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Sen. Chuck Schumer (D) says the House GOP’s acceptance of a two-month payroll tax cut extension is a “victory for middle-class taxpayers over tea party politics.”

Here’s Schumer’s full statement:



“In a year of divided government taken too far, Congress is thankfully going out on a bipartisan note.

“This is a victory for middle-class taxpayers over Tea Party politics. Even though this tax cut is only temporary, this breakthrough could have an enduring impact if it helps tame the faction of House Republicans that habitually tends toward brinksmanship.

“We now turn our attention to extending this tax cut for a full year, and we urge our Republican colleagues to seek common ground with us on how best to pay for it.”

President Obama, in a statement late Thursday, congratulated Congress on a reaching a deal to extend the payroll tax cut. “This is good news just in time for the holidays,” Obama said. The president thanked Americans who voiced their opinion on the payroll tax cut, saying, “Your voices made all the difference.”

Here’s Obama’s full statement:



For the past several weeks, I’ve stated consistently that it was critical that Congress not go home without preventing a tax increase on 160 million working Americans. Today, I congratulate members of Congress for ending the partisan stalemate by reaching an agreement that meets that test.

Because of this agreement, every working American will keep his or her tax cut – about $1,000 for the average family. That’s about $40 in every paycheck. Vital unemployment insurance will continue for millions of Americans who are looking for work. And when Congress returns, I urge them to keep working to reach an agreement that will extend this tax cut and unemployment insurance for all of 2012 without drama or delay.

This is good news, just in time for the holidays. This is the right thing to do to strengthen our families, grow our economy, and create new jobs. This is real money that will make a real difference in people’s lives. And I want to thank every American who raised your voice to remind folks in this town what this debate was all about. It was about you. And today, your voices made all the difference.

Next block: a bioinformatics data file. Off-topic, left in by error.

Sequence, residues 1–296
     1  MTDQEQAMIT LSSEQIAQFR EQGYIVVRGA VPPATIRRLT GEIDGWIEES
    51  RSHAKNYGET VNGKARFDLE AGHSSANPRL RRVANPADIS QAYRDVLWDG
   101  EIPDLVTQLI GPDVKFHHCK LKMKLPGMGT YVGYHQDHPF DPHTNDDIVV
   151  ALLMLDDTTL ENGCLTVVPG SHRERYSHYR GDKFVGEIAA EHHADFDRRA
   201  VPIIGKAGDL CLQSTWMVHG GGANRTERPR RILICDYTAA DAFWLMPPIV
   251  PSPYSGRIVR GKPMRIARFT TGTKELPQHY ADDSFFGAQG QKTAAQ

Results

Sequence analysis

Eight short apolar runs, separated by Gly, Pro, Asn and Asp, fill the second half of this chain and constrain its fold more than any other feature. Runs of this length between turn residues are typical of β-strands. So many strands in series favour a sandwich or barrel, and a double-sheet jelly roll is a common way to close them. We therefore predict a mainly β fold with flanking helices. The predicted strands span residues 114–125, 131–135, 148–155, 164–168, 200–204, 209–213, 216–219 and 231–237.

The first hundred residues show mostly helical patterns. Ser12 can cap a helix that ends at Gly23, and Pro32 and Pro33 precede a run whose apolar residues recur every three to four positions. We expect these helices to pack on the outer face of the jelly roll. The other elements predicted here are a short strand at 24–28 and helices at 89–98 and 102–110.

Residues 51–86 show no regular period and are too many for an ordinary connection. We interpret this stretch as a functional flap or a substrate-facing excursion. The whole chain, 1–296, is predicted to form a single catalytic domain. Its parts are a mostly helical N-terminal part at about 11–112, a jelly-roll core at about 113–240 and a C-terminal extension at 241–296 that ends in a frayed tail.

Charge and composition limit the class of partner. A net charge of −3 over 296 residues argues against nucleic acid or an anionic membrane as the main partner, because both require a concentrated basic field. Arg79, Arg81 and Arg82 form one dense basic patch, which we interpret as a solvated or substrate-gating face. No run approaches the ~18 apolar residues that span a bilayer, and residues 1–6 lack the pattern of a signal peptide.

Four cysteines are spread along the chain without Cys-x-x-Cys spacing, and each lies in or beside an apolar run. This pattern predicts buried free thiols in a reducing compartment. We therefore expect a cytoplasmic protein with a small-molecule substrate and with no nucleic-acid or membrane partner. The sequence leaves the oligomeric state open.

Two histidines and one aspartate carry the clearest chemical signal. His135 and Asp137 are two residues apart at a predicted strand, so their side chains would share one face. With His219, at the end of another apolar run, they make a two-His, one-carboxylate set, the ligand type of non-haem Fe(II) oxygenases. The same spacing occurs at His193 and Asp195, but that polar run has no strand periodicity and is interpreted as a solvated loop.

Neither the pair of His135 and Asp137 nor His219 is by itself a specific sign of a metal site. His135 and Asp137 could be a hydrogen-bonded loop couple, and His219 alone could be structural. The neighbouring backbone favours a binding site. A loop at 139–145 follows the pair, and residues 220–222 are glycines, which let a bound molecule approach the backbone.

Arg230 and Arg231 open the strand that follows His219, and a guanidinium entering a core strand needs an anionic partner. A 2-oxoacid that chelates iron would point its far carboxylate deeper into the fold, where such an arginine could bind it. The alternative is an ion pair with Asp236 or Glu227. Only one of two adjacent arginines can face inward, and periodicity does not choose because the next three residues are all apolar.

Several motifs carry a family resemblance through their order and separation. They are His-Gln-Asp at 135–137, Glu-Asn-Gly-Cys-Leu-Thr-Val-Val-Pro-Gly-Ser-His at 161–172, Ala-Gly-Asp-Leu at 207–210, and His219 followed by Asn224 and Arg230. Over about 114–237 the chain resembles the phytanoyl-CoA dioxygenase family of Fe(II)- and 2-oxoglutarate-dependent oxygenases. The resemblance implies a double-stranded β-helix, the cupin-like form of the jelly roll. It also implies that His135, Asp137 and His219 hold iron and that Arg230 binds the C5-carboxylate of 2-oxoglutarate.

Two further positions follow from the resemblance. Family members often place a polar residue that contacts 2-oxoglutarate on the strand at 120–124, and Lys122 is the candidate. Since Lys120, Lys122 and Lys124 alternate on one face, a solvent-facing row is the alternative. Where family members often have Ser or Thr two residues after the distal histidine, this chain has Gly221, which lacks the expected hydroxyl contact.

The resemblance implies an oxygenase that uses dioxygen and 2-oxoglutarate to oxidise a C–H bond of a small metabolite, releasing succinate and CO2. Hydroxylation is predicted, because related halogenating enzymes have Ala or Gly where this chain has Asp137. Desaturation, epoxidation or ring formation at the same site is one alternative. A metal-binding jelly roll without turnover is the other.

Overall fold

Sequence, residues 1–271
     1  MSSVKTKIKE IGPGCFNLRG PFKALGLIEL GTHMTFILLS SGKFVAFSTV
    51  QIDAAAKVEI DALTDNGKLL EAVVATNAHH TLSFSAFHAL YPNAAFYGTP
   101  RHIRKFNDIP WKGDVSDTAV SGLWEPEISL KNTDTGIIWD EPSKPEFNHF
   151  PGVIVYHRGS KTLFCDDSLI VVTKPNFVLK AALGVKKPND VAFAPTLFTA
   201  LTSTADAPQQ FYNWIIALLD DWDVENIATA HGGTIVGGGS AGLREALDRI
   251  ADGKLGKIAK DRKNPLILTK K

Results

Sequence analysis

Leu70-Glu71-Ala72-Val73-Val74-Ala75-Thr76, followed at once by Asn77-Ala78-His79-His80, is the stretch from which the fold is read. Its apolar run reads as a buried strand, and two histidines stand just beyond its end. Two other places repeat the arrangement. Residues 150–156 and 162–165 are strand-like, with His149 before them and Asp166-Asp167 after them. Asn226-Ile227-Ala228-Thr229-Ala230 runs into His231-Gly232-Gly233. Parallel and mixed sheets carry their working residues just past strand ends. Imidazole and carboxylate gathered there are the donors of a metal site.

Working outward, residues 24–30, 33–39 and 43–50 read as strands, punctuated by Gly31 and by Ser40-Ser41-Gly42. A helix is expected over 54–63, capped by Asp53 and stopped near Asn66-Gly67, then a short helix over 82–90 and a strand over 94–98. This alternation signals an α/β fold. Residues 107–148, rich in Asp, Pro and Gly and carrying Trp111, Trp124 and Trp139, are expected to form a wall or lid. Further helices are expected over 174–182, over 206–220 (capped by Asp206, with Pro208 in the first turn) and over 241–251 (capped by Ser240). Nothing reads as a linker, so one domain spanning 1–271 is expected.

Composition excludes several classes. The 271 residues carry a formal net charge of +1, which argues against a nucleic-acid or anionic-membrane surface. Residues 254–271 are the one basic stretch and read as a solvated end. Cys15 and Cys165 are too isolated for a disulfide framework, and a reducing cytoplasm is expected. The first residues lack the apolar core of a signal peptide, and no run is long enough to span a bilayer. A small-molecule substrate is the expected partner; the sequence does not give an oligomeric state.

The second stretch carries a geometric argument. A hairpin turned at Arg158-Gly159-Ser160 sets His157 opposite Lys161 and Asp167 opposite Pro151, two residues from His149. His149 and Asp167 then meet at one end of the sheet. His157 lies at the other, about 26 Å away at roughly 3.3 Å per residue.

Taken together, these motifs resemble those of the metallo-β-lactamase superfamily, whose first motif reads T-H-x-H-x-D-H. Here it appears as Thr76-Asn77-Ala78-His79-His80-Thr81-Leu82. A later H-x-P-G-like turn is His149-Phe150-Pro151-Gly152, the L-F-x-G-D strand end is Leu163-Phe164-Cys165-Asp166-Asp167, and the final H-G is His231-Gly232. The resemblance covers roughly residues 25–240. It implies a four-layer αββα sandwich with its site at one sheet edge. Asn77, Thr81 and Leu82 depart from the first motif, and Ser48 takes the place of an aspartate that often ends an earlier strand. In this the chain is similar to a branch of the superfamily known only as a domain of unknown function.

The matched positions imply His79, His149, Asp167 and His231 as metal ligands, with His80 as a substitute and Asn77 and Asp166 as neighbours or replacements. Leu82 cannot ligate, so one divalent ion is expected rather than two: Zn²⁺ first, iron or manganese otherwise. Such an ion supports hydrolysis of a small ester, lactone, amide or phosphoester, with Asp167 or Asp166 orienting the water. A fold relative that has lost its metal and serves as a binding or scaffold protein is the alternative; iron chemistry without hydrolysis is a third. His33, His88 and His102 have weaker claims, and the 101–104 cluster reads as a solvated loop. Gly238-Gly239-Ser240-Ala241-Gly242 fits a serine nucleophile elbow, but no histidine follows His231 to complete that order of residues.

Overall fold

If there's one thing that House Democrats, Senate Democrats, Senate Republicans, political strategists of both parties and the White House all agree on, it's that House Republicans need to cave in and end the payroll tax stand off.

Speaking at the White House Thursday, President Obama gave a sloppy wet kiss to Senate Minority Leader Mitch McConnell's suggestion that House Republicans fold, with only the thinnest of covers. Essentially, all of the principals involved, except House Republicans, now agree that House Republicans should do what Senate Majority Leader Harry Reid (D-NV) proposed all along -- pass the Senate's stopgap bill to extend the payroll tax cut (and other expiring provisions) for two months with the promise that Democrats will work with Republicans on a year-long agreement.

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Senate Majority Leader Harry Reid said in a statement Thursday he is “grateful” the House has agreed to a short-term payroll tax cut extension in order to reach a longer-term deal. Here’s Reid’s statement:



“I am grateful that the voices of reason have prevailed and Speaker Boehner has agreed to pass the Senate’s bipartisan compromise. Year-long extensions of the payroll tax cut, unemployment insurance and Medicare payments for physicians has always been our goal, and Democrats will not rest until we have passed them. But there remain important differences between the parties on how to implement these policies, and it is critical that we protect middle-class families from a tax increase while we work them out.

“I look forward to appointing members of my caucus to continue negotiations towards a year-long agreement. Two months is not a long time, and I expect the negotiators to work expeditiously to forge year-long extensions of these critical policies.”

House Speaker John Boehner, speaking on the payroll tax cut deal, said: “Sometimes it’s hard to do the right thing. Sometimes it’s politically difficult to do the right thing.”

A federal judge ruled on Tuesday that South Carolina can’t enforce several key parts of its tough immigration law, Reuters reports. The judge ruled that South Carolina can’t require police to check the immigration status of a person stopped for a minor traffic violation. The judge also barred SC from making it a felony for anyone knowingly to harbor or transport an undocumented person, Reuters reports.

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